A new study published in the journal Nature on November 11th shows the importance of cholesterol metabolizing protein in cancer immunotherapy. The group reported that by downregulating PCSK9, a protein that regulates cholesterol levels in the body, one could potentially enhance the tumor’s response to immune checkpoint therapy. However, it was found that this mechanism was independent of PCSK9’s cholesterol-regulating functions.
Instead, the downregulation of PCSK9 regulates the levels of MHC1, a cell surface protein that is important for the presentation of antigens on the surface of tumor cells. This is a novel mechanism for increasing intratumoral infiltration and holds great potential as an anti-cancer treatment. Incidentally, the FDA approved drugs that target PCSK9 protein to treat familial hypercholesterolemia are already available. These treatments can now be tested in combination with various commercially available checkpoint inhibitors for their effect on tumor reduction.
PCSK9 Reduction Augments Checkpoint Immune Therapy
PCSK9 deficiency alone reduces the growth of cancer inside a mouse host. However, the growth of cancer cells in PCSK9 deficient mice was further reduced when treated with anti-PD-1 checkpoint therapy. To further prove this synergy, the authors took advantage of anti-PCSK9 therapies already available for patients suffering from hyperlipidemia. Evolocumab and alirocumab are two FDA approved treatments that target PCSK9. By combining anti-PCSK9 neutralizing antibodies with anti-PD1 therapy, the authors showed an increase in the efficacies of anti-PD1 treatment. Moreover, the combo resulted in the long-term survival of the host mice.
While most cancer therapies show efficacy initially, their effects soon fade away when the tumor drug resistance sets in. This is one reason why checkpoint therapies fail after a point in time, necessitating a different treatment approach. The authors of the publication tested whether such tumors responded to anti-PCSK9 therapies. Interestingly, they observed a growth reduction in tumors, which had developed resistance to checkpoint therapy following anti-PCSK9 therapy.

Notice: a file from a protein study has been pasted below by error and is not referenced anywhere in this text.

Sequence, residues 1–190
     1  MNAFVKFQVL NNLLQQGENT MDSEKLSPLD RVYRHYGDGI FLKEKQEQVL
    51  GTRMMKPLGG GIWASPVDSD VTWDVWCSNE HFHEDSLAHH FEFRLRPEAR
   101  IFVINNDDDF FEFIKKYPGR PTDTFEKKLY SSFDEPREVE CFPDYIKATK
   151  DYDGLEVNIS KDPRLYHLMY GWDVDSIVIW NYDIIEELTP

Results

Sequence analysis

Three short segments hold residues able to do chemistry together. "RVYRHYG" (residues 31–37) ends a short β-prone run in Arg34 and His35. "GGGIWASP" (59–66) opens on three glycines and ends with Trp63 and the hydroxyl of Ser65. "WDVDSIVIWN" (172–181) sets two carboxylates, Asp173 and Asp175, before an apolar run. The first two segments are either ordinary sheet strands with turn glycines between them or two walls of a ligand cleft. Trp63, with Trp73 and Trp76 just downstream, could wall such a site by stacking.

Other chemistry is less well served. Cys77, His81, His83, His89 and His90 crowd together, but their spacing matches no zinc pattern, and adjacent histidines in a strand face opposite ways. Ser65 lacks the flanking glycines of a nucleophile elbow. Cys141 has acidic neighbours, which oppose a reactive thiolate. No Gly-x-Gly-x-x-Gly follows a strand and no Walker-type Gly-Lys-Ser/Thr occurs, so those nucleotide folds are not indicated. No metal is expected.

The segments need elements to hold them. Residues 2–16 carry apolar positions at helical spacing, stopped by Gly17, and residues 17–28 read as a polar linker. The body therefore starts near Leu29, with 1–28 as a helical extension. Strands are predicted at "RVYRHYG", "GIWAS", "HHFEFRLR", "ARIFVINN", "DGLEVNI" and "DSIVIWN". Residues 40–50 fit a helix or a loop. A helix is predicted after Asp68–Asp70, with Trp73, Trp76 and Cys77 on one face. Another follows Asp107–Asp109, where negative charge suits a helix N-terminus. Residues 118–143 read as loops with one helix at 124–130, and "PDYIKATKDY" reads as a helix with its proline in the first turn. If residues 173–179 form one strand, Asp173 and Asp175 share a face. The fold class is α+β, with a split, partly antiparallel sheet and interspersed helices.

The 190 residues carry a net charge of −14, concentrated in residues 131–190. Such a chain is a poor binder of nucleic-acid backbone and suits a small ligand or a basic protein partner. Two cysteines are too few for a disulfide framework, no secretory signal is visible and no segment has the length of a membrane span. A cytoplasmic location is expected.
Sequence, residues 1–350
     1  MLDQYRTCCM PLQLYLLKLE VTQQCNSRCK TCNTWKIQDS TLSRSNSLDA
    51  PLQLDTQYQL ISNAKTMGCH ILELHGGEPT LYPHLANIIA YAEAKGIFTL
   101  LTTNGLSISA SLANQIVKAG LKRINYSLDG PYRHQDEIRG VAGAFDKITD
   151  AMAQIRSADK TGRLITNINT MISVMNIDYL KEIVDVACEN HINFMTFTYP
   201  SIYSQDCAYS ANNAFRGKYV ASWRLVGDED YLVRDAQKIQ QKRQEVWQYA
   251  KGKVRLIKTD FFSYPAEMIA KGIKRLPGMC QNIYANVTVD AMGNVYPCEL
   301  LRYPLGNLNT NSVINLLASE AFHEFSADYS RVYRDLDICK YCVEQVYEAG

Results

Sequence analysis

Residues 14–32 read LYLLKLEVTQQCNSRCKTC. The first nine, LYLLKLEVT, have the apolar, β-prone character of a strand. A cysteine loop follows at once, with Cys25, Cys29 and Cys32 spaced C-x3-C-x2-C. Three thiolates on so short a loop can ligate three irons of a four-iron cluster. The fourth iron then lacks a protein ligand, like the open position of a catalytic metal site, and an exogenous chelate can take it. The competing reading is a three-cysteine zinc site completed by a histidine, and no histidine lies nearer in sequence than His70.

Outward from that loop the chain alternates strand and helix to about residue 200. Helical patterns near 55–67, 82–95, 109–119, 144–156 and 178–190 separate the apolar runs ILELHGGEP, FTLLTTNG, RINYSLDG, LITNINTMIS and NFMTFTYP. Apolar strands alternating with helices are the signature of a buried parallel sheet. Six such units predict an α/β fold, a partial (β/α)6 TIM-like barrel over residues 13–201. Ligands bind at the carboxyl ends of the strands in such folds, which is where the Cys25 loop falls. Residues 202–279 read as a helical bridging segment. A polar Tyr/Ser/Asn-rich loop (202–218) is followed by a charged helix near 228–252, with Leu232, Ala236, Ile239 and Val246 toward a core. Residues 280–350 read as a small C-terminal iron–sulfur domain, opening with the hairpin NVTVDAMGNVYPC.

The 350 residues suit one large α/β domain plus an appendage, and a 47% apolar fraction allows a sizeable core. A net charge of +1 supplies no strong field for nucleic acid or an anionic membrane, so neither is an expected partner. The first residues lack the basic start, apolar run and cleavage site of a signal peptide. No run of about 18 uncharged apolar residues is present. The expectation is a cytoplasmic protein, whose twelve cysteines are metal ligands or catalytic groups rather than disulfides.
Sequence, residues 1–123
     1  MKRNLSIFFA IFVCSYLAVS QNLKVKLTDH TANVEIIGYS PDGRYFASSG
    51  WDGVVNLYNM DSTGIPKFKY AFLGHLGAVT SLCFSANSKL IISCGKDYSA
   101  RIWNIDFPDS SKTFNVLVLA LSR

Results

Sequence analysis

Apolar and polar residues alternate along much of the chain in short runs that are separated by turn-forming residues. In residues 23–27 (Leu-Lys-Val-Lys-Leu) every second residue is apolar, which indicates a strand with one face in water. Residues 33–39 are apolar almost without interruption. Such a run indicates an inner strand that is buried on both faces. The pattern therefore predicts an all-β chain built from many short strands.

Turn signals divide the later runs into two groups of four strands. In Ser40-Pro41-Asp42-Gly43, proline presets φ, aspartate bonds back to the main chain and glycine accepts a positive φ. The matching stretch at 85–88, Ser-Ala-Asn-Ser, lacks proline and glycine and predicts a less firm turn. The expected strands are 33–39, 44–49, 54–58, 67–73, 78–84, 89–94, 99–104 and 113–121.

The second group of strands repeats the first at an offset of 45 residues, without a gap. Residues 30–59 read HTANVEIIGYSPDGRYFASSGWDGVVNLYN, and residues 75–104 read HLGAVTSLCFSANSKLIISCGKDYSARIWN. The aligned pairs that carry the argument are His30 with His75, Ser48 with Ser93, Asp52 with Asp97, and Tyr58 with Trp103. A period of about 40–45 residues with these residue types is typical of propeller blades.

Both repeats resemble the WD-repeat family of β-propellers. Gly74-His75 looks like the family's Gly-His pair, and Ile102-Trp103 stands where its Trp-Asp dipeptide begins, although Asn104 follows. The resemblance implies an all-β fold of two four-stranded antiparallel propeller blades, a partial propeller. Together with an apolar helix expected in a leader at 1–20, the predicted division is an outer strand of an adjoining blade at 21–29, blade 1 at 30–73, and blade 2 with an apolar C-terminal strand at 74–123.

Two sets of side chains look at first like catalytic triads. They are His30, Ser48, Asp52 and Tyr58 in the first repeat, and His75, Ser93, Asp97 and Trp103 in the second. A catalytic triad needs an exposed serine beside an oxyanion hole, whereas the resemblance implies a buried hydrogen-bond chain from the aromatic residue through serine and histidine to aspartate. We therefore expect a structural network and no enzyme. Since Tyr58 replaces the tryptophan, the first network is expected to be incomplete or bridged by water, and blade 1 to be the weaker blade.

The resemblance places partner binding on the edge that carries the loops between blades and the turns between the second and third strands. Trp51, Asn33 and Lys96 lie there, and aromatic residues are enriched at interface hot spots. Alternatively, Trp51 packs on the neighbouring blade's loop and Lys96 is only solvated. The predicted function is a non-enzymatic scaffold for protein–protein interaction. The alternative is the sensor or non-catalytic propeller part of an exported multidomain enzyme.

Interestingly, the authors discovered that the mice that remained tumor-free after initial inoculation with PCSK9 deficient tumor cells had developed an anti-tumor immune memory. This means that they could reject the cancer cells when these mice were rechallenged with wild-type tumor cells.
PCSK9 Depletion Increases Immune Cell Infiltration in Tumors
It was clear that PCSK9 depletion in tumor cells reduced cancer growth. However, what changes did the depletion bring were not clear. The authors showed that PCSK9 depletion increased intratumoral infiltration of CD8+ cytotoxic T cells, CD4+ T helper cells, gamma delta T cells, and natural killer cells, which work towards killing the cancer cells.
However, there was no increase in the number of T-regulatory cells, which are responsible for suppressing the function of immune cells. Moreover, both the number and diversity of mature T cells significantly increased in PCSK9-deficient tumors. This suggests that overall the tumor environment became more immune active when PCSK9 was deleted from tumors. While this was seen by genetically deleting PCSK9 from tumors, challenging the tumor with PCSK9 directed antibody treatment also led to the same results.
However, the authors noted that of all the immune cells that infiltrated the tumor in the PCSK9 deficient cell line, the CD8+ T cells were of utmost importance. Removing “CD8+ T cells completely abolished the growth delay of PCSK9-deficient tumors.” Additionally, tumor cells deficient for PCSK9 were more susceptible to the cytotoxic action of CD8+ T cells.
PCSK9 Deficiency Makes Tumors Susceptible to Immune Action
Next, the authors investigated whether the PCSK9 deficiency that led to tumor susceptibility towards CD8+ T cells is due to the surface level regulation of antigen-presenting molecule, MHC. This is because they observed high levels of MHC1 molecules bound to the peptide on PCSK9 deficient tumor cells. Similarly, a rise in MHC levels was also observed upon evolocumab treatment. Moreover, when MHC1 protein, H2-K1, was genetically depleted in tumors deficient for PCSK9, the tumor grew normally. All the observations suggested that PCSK9 might regulate the levels of MHC1 on the surface of tumor cells, which is important for growth reduction displayed by PCSK9 deficient tumor cells.
The authors suggest that this negative regulation of MHC1 is controlled by PCSK9-mediated lysosomal degradation based on the observation that a higher number of MHC1 molecules are localized in lysosomes in cells deficient for PCSK9 as compared to the wildtype. Also, treatment with bafilomycin that inhibits lysosomal function substantially increased the levels of MHC1 in control cells but did not change much in PCSK9-knockout cells.
Together, the data suggest that when PCSK9 deficiency helps in getting cancer noticed by increasing MHC1, a protein that is important for the activation of immune cells.
By Ruchi Jhonsa, Ph.D.
Editor: Rajaneesh K. Gopinath, Ph.D.
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